A lot of players, myself included, at first thought that the correct decision would be to play the Nest Ball for an Inkay to thin the Inkay out of the deck. Brent recognized that this play left him with less options than leaving the Nest Ball open does. Brent’s plan here was to Stellar Wish first – if he wishes into a Supporter card or a card to search his Tapu Lele GX, he can play the Nest Ball and grab an Inkay. However, if the Stellar Wish finds nothing, Brent could Nest Ball for the second Jirachi in his deck, play the Switch in his hand and have another use of Stellar Wish. Holding the Nest Ball gave Brent more flexibility for if his Stellar Wish failed to find him a supporter card.

Even though this play Brent made on his first turn gave him the highest potential chance of seeing a Supporter card, it still didn’t work out. In this game, Brent had his Tapu Lele GX and his second Jirachi TEU trapped within his prize cards and was forced to end his first turn, retreating into an Inkay and passing. Even though this high-level sequencing didn’t help Brent, he still made the correct play in giving himself the greatest number of options for his Nest Ball. This is very important to consider when reflecting on your own games: try to make the best decision possible with the knowledge you currently have instead of focusing on the instances where the line you took didn’t work out.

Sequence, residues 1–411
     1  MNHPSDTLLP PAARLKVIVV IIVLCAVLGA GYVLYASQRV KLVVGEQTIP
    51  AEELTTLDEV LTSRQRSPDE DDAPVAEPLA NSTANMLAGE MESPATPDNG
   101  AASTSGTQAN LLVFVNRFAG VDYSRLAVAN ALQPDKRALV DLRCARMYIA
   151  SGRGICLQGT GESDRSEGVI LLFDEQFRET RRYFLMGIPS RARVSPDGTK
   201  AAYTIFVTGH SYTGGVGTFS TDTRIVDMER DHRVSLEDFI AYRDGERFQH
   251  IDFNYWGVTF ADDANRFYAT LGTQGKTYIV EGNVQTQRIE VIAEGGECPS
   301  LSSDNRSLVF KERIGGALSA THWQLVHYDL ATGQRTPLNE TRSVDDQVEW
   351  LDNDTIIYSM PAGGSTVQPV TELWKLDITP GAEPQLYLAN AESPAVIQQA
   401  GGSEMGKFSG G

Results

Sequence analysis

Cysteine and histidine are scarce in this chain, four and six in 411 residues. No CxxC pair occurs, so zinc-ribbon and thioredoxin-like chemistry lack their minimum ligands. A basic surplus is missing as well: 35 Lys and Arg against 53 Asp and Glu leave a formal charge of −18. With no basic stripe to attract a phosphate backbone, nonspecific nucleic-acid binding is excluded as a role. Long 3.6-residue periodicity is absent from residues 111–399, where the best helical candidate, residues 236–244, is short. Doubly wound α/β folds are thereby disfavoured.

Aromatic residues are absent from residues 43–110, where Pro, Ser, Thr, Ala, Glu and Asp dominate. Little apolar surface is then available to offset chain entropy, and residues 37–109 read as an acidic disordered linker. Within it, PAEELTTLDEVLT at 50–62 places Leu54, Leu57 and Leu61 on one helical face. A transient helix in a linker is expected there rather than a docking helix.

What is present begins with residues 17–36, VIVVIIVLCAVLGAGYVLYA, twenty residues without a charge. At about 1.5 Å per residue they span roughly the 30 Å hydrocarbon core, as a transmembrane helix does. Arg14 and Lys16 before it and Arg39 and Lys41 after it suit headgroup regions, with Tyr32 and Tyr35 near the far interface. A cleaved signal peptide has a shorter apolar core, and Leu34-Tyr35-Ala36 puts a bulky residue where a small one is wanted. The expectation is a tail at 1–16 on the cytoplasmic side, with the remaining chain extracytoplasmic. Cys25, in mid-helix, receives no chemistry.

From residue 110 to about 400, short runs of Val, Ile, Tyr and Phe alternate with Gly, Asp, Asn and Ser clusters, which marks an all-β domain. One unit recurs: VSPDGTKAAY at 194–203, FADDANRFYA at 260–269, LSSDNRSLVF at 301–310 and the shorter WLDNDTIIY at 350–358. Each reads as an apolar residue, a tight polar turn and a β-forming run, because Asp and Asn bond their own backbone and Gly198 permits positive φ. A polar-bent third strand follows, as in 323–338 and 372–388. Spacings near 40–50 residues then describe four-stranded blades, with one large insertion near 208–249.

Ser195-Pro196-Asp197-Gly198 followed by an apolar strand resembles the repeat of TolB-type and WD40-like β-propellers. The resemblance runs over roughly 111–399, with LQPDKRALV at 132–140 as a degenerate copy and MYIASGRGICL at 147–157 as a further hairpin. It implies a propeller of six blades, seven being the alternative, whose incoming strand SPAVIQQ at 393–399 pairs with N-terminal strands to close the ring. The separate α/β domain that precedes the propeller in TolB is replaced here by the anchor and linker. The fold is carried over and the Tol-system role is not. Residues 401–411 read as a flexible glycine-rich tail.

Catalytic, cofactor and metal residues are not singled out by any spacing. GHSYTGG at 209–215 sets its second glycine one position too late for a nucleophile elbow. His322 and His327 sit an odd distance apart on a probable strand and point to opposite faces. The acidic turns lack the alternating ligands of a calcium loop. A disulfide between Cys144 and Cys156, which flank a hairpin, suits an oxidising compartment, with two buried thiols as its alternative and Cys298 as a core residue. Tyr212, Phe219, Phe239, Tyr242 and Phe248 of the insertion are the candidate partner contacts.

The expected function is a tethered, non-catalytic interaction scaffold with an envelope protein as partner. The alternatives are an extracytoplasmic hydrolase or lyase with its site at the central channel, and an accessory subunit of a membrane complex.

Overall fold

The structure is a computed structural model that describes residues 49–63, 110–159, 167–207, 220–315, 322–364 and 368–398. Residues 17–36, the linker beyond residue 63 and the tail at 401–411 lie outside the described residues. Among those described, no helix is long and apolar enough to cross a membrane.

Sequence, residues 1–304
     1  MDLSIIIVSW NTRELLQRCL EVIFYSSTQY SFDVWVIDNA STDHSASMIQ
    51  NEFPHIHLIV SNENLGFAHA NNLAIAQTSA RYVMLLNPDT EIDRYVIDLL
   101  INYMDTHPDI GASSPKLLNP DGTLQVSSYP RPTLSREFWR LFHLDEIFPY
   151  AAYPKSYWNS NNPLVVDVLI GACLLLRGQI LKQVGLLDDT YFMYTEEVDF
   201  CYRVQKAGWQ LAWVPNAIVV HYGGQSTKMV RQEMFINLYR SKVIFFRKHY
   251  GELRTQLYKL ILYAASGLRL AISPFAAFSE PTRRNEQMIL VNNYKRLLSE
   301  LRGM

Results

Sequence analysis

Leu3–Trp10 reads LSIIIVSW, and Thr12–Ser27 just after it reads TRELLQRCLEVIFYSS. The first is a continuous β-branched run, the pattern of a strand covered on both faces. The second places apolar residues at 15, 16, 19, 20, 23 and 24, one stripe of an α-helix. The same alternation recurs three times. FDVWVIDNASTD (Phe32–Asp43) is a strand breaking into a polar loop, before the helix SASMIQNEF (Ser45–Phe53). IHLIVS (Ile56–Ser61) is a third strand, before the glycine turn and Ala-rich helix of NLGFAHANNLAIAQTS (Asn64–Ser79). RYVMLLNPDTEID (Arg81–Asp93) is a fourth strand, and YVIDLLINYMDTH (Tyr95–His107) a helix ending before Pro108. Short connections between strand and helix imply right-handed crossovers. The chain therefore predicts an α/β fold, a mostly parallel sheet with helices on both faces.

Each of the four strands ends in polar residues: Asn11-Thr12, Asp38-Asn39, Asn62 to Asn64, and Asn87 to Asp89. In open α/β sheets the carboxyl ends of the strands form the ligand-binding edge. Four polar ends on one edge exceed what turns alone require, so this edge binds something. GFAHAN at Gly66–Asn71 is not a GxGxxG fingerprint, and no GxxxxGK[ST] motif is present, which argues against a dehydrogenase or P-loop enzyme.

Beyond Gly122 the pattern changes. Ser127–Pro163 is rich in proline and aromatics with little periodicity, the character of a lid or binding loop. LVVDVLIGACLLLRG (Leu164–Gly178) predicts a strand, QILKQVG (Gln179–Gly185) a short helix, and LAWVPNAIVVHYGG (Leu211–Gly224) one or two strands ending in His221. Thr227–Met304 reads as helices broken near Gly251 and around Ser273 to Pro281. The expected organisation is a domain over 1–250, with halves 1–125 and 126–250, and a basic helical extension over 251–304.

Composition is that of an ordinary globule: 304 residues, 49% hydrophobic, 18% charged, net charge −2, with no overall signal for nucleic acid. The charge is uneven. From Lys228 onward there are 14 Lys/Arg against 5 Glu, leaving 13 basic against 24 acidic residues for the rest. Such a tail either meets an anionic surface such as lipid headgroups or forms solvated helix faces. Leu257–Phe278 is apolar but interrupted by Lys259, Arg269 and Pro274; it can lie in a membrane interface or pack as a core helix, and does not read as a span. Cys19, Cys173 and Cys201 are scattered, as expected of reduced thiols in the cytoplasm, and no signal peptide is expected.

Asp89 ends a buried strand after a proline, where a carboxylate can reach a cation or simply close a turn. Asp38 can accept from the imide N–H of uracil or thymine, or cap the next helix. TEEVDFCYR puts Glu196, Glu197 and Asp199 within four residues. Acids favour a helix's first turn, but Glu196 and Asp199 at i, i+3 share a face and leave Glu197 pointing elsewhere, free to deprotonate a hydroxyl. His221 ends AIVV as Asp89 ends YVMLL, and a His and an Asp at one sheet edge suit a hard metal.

Overall, a big takeaway from the examples I’ve given is that the correct decision to make with your hand is entirely dependent on what you’re looking to accomplish that turn and what cards you need to find to execute that ideal turn. I hope the next time you’re presented with an interesting sequencing decision in your games you think back to this article and consider every play you could make to maximize your turn completely!